CoffeeBeer >> Double Shot Buzz >> Apetito
I'll swear the Italians are taking over Sheffield. Every day it seems like a new authentic Italian cafe or restaurant has opened. And I'm certainly not complaining, because I find this trend really exciting. Not only does it increase the availability of decent super-thin stone-baked pizza, but I would expect the chances of ending up with a satisfying espresso or coffee to increase when made with a proper Italian touch.
I came across Apetito completely by accident. Utterly deflated after an ophthalmology appointment at the Royal Hallamshire failed to shed any light on my dry eye syndrome, much less offer any helpful suggestions, I decided I had plenty of time before work to walk into town, which might help burn off my anger and frustration. Just off the ring road I walked past what used to be PJ Taste only to discover it's become a new Italian cafe. Yes, I thought to myself, I should pep myself up with another coffee, especially as I was expecting my afternoon to be quite physical. And what harm would a little more caffeine do?
So I popped in and ordered a double macchiato. I suspect the Italian barista could be a chef as well, or perhaps even the owner, as he projected that sort of confidence. My macchiato was served in the size cup I've always considered proper for a short double dry cappuccino (as opposed to these massive Grande-sized soup bowls you get these days). The coffee was very smooth but quite pleasant and perfectly made, and it was just what I needed. And my drink was served with an amaretti biscuit, which is a very nice touch.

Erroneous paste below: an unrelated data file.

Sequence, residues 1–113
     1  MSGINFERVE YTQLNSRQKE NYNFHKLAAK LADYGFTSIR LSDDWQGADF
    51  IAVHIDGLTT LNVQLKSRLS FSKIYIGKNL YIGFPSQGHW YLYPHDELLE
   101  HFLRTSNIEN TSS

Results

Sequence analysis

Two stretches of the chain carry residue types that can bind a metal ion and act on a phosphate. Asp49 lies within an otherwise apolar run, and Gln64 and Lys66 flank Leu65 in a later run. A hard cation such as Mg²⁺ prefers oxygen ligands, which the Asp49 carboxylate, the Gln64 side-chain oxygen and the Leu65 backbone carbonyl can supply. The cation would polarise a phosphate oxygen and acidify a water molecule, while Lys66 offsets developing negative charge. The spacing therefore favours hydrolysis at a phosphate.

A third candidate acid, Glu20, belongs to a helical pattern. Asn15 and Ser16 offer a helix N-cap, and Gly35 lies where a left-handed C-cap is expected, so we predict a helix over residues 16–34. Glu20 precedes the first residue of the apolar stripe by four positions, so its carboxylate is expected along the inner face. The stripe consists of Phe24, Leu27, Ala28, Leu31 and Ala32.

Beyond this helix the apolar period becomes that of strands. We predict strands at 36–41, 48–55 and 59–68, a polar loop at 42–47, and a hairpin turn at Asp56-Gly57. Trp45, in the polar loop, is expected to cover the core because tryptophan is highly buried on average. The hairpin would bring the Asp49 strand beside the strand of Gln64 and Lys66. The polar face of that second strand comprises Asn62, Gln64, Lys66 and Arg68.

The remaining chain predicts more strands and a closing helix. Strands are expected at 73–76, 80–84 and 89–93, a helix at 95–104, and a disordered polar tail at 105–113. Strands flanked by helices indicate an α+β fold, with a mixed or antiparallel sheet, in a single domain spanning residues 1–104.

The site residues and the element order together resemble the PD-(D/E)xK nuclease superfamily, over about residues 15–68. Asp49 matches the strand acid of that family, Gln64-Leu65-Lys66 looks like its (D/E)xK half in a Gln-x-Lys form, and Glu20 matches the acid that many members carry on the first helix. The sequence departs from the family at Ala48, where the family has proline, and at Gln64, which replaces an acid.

The beans are from Musetti, a roaster and coffee dealer located in northern Italy. The food menu features typical Italian dishes including meats, fish, and baked pasta, and there are also sandwiches on homemade flat breads, thin crust stone-baked pizzas, salads, and cakes and pastries. All ingredients are all carefully sourced from local businesses and organic farmers. According to their website Apetito's aim is to provide a perfect place to "mangiare bene", which means to eat well.
As I sat in the window sipping my coffee and browsing the menu I was excited to discover they serve pizza by the slice as well -- but as it was well before lunch I didn't get to see what the pizza looks like. The pastries are baked fresh every morning, bread is baked several times a day, and the dishes are all cooked to order for eating in or taking away.
Too bad this place isn't on my way to work unless I decide to make the 35-minute walk. Oh well, next time my bus stops running because of snow I'll stop and try the pizza. But as it's just July I'm not going to hold my breath for snow. That could be a bit dangerous…
Speaking of dangerous things reminds me of a recent email conversation with my Bay Area friend:Have you ever heard of the word sabrage? I ran into it in a cryptic crossword today. It was originated by Napoleon Bonaparte, and it's a technique for opening a champagne bottle with a sabre.